Do you feel more comfortable in the woods or downtown in a city? Why do you think that is so? Does your comfortability shape what you value?

I once read an article published by Kamehameha Schools about how contemporary geographic growth patterns point out the rise of placelessness across the U.S. Yet we are aware that place has been a critical foundation of human cognition and identity throughout history. With that being said, the article goes on to explain how urban and suburban growth patterns have diminished the unique, historical, and cultural meanings of place to human society today, and that this point may bring no argument from most Americans who may not feel any overwhelming ties to a particular place, who are quite mobile in today’s global society, and who, in fact, may be quite accustomed to the increasing standardization of places, such as strip malls, retail, food, and service chains.

The reason I brought up this article is that it perfectly framed the very reason of why I feel drastically more comfortable in not only the woods, but any place in nature, and particularly Hawaiʻi, than downtown in a city. Now, the prompt asks if ones comfortability shapes what one values. My answer is yes. But I interpret this by thinking of comfortability as place, and value as being my identity.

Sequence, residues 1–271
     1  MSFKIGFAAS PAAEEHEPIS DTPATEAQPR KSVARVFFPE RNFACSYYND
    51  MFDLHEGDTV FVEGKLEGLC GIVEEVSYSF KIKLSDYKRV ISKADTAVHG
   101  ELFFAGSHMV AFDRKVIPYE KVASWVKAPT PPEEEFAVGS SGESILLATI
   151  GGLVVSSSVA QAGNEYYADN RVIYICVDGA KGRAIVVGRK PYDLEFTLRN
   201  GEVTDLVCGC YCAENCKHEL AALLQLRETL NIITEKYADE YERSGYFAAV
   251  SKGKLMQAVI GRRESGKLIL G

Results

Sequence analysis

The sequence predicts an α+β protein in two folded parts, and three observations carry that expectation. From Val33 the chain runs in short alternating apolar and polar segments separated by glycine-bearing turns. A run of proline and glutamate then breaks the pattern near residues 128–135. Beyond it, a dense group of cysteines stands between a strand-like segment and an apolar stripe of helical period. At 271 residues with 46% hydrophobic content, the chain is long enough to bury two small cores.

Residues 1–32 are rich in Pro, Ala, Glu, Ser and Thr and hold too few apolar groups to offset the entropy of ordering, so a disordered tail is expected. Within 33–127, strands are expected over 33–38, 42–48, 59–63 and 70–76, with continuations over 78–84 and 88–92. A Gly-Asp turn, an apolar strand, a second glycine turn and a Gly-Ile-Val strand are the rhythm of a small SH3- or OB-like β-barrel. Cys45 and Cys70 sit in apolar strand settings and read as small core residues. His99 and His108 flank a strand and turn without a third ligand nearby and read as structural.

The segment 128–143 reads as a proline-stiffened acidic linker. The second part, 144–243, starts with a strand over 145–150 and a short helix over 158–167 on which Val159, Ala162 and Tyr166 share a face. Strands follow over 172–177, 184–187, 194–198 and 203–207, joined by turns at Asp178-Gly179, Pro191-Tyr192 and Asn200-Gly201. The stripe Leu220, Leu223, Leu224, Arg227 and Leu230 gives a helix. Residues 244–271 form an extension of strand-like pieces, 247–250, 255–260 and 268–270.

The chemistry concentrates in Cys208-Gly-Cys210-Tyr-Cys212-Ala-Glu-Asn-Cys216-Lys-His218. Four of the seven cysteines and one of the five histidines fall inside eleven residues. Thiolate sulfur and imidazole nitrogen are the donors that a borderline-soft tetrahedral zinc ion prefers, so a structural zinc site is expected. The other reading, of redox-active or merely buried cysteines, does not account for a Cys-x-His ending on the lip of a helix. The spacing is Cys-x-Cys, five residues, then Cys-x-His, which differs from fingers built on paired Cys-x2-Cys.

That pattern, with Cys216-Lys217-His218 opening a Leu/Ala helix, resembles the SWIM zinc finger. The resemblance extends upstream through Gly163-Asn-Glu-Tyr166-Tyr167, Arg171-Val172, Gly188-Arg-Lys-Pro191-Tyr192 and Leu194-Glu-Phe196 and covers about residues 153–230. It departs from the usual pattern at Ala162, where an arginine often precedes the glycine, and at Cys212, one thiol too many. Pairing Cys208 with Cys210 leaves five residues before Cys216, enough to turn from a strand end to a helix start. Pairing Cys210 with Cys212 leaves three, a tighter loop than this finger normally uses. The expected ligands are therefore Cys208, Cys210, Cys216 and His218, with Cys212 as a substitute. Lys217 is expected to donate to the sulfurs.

Place – the consciousness of land, sea, and all that place entails, is fundamental to my identity in complex and intimate ways. Hawaiian cosmology told through the Kumulipo or creation chant, describes that man is moʻokuʻauhau, or genealogically related to nature. This relationship to place is integral to our identity, culture, the physical, spiritual, sociopolitical and historical ties to land and sea of ka pae ‘āina Hawaiʻi. The land is “one hanau,” sands of our birth. We are so close in relationship to our sense of place that we learn the many personalities of the land, its form, features, character and resources, we view ourselves as the kiaʻi or guardians of this place, and we have an obligation to mālama or take care of it. Thus as I get farther and farther away from my sense of place, I am less and less comfortable, and I am less and less able to identify with my surroundings. I do not have this same understanding, love, intimacy, responsibility, purpose, belonging.

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